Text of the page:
This option allows you to file a 1040EZ or 1040A (for a limited time early in the tax season, it also did the 1040 with a Schedule A). The free version can’t store your tax return (paid versions can store for six years).
Good for itemizers, but if you’re filing a Schedule C-EZ (for freelancers with very simple expenses), you’ll need to buy the Premium version.
If you’re an investor or have rental property (that is, you need to file a Schedule D or Schedule E), this is for you.
New this year, this package does it all for small business owners, freelancers and independent contractors. It also imports Uber driver tax information and integrates with the expense-tracking app Stride Tax.
One note about prices: Providers frequently change theirs. We’ll keep updating this review, but you can verify the latest price by clicking through to H&R Block’s site.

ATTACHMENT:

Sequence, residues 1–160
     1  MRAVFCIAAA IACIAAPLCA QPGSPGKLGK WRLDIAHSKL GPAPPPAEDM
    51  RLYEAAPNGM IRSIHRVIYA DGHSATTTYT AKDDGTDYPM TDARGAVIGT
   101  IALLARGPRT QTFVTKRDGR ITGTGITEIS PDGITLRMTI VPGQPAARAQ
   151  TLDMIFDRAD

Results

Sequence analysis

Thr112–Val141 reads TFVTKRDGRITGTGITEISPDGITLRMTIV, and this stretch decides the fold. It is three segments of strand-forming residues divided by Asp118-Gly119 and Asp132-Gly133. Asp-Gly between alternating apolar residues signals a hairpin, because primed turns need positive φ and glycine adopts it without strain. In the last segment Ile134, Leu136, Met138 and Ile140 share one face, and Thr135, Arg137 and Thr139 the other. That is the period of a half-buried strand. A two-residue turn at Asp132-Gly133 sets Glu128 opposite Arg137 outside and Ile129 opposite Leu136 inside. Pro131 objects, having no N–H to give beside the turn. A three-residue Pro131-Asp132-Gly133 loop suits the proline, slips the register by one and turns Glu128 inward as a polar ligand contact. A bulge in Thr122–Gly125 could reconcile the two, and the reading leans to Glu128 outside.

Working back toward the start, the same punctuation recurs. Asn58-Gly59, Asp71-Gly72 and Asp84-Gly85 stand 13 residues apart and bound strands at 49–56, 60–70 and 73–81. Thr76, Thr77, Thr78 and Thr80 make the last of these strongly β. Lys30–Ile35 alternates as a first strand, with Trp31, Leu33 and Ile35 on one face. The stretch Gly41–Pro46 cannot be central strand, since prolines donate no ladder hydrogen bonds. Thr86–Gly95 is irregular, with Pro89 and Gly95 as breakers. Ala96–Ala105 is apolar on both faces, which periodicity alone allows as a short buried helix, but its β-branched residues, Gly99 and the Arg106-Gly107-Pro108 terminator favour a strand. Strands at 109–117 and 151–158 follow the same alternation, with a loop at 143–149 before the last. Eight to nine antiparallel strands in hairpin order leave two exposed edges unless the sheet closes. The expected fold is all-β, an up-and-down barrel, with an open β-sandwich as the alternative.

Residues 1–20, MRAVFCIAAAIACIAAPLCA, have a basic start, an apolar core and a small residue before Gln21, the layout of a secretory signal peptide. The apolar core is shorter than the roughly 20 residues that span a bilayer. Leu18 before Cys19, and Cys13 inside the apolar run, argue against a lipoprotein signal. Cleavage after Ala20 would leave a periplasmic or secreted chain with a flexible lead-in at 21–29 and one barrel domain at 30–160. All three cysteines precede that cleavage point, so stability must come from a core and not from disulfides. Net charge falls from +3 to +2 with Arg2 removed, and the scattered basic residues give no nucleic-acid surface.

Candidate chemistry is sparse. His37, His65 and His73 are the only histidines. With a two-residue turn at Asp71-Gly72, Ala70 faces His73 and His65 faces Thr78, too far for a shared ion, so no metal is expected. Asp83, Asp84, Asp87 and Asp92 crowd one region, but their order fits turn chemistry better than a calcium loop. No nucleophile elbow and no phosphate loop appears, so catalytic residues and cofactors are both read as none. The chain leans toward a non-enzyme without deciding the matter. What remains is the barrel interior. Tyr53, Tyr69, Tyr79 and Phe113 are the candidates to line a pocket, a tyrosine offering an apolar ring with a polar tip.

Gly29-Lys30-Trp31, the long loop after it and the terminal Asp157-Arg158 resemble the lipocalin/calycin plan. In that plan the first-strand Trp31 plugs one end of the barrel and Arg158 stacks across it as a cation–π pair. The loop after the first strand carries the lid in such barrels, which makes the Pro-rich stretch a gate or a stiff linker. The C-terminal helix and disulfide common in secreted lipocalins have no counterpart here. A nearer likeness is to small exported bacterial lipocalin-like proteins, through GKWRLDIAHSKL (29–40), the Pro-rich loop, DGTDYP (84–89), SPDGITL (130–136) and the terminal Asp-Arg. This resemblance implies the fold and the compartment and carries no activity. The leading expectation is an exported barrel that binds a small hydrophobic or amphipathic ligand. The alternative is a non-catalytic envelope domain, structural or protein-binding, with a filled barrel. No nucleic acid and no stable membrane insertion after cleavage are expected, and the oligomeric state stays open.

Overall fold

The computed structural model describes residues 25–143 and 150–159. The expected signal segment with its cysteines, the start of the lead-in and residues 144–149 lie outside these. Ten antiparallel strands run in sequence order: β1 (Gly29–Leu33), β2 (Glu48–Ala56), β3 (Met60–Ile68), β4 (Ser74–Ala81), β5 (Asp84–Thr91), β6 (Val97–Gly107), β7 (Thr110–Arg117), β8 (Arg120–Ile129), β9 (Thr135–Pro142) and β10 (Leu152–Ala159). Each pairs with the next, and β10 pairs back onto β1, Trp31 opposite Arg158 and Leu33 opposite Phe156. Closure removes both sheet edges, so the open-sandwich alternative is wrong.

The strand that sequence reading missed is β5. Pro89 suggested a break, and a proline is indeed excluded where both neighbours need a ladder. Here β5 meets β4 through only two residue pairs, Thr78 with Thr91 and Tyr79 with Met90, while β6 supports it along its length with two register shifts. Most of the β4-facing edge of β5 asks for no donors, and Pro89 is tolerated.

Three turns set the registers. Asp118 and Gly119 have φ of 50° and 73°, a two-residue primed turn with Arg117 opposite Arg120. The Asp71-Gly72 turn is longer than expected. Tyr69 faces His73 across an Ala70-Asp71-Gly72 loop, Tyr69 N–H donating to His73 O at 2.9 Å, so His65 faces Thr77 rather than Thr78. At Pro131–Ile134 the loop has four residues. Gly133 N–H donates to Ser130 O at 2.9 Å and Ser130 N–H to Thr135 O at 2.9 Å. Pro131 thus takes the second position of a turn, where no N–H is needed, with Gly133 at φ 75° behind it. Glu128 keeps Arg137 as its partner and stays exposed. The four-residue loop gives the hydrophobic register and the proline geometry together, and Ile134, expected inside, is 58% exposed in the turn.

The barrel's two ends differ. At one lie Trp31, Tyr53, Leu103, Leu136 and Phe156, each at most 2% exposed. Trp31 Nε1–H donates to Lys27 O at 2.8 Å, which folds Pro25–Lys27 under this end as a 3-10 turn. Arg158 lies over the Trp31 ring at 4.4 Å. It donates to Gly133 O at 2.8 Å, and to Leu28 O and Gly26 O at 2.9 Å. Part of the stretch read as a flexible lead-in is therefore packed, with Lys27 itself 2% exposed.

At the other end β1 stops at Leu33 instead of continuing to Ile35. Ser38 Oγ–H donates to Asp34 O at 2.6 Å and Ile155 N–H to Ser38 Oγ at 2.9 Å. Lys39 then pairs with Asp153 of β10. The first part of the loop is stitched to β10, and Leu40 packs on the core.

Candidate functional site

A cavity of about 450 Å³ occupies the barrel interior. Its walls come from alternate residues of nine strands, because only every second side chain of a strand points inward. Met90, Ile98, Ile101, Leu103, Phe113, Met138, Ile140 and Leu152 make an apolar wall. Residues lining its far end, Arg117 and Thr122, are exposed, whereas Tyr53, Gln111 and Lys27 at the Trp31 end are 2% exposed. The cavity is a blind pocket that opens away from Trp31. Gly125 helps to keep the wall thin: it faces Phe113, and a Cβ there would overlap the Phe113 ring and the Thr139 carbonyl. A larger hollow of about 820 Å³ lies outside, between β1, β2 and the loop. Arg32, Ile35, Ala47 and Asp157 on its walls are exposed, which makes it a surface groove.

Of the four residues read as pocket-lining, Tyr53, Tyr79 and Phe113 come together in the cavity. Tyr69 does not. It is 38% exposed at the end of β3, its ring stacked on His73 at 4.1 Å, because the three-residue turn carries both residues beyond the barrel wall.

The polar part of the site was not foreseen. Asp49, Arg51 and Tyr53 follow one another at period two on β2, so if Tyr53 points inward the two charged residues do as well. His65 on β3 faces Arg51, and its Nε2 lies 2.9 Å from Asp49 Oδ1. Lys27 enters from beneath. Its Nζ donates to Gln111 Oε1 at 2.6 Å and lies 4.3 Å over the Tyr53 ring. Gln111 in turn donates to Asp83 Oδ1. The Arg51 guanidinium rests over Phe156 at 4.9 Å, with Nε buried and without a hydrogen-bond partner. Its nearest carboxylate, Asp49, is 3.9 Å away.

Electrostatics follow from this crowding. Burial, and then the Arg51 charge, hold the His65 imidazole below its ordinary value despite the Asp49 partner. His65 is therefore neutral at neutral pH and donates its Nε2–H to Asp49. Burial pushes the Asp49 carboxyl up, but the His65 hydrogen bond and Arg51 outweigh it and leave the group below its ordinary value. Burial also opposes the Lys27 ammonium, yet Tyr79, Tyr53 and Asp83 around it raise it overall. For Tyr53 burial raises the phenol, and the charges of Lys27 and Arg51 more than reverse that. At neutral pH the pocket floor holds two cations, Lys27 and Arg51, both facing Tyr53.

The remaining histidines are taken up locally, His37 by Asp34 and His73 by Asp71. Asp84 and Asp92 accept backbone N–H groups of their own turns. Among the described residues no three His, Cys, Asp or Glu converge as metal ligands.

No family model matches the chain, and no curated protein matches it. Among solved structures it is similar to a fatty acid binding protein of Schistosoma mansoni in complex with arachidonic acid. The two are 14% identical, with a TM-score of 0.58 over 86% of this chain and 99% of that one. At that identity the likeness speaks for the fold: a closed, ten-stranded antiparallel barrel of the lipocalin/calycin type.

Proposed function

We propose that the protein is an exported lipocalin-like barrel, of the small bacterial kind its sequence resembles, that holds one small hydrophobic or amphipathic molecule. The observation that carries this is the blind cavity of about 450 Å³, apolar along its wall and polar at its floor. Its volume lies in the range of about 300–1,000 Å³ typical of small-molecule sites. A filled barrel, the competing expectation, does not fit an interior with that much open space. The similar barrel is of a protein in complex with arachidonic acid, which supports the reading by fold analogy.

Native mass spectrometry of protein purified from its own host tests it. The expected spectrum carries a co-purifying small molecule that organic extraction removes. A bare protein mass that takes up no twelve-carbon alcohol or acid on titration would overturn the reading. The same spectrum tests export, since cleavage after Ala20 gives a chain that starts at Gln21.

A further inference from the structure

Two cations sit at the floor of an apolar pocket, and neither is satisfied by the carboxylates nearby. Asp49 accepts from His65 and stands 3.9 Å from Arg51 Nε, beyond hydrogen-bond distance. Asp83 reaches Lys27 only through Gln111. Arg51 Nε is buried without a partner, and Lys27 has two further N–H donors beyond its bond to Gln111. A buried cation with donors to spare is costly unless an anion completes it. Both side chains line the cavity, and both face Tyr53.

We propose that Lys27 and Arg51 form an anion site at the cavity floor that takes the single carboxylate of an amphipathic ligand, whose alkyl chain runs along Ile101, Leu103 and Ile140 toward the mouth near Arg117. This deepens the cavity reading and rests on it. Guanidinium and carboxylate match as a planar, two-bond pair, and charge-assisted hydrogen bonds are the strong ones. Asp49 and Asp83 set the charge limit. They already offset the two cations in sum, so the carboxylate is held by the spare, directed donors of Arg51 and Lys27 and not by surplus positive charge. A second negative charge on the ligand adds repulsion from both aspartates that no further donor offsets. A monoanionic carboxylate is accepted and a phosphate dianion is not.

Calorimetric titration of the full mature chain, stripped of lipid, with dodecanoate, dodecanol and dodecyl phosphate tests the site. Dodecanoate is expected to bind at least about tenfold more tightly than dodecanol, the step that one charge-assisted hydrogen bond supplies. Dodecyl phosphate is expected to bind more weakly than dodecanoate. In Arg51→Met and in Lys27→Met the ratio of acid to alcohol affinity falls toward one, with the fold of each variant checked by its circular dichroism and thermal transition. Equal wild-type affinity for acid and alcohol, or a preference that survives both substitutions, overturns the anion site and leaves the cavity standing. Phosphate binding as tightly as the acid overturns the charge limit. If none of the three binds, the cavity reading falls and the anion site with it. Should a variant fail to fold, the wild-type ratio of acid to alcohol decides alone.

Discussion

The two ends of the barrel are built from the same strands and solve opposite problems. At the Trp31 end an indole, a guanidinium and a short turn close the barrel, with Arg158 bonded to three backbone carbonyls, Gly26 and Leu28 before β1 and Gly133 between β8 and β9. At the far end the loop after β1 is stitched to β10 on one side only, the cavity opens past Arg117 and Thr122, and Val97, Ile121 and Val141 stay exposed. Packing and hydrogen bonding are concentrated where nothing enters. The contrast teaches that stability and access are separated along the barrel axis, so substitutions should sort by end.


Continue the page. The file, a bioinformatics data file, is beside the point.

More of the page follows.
H&R Block also offers desktop software, but it’s not part of our review. Desktop means your return doesn’t reside in the cloud; it stays on your computer while you work on it. People who have used the desktop version before will see a cosmetic difference with the cloud, but the steps are similar — and, of course, the math is the same.
H&R Block’s features and ease of use
H&R Block’s interface is good-looking, straightforward and easy to use, plus there are handy tools like a W-2 photo import, which lets you avoid time spent keying in numbers from little boxes. Because the software is online, you can log in from other devices if you choose to work on your return here and there.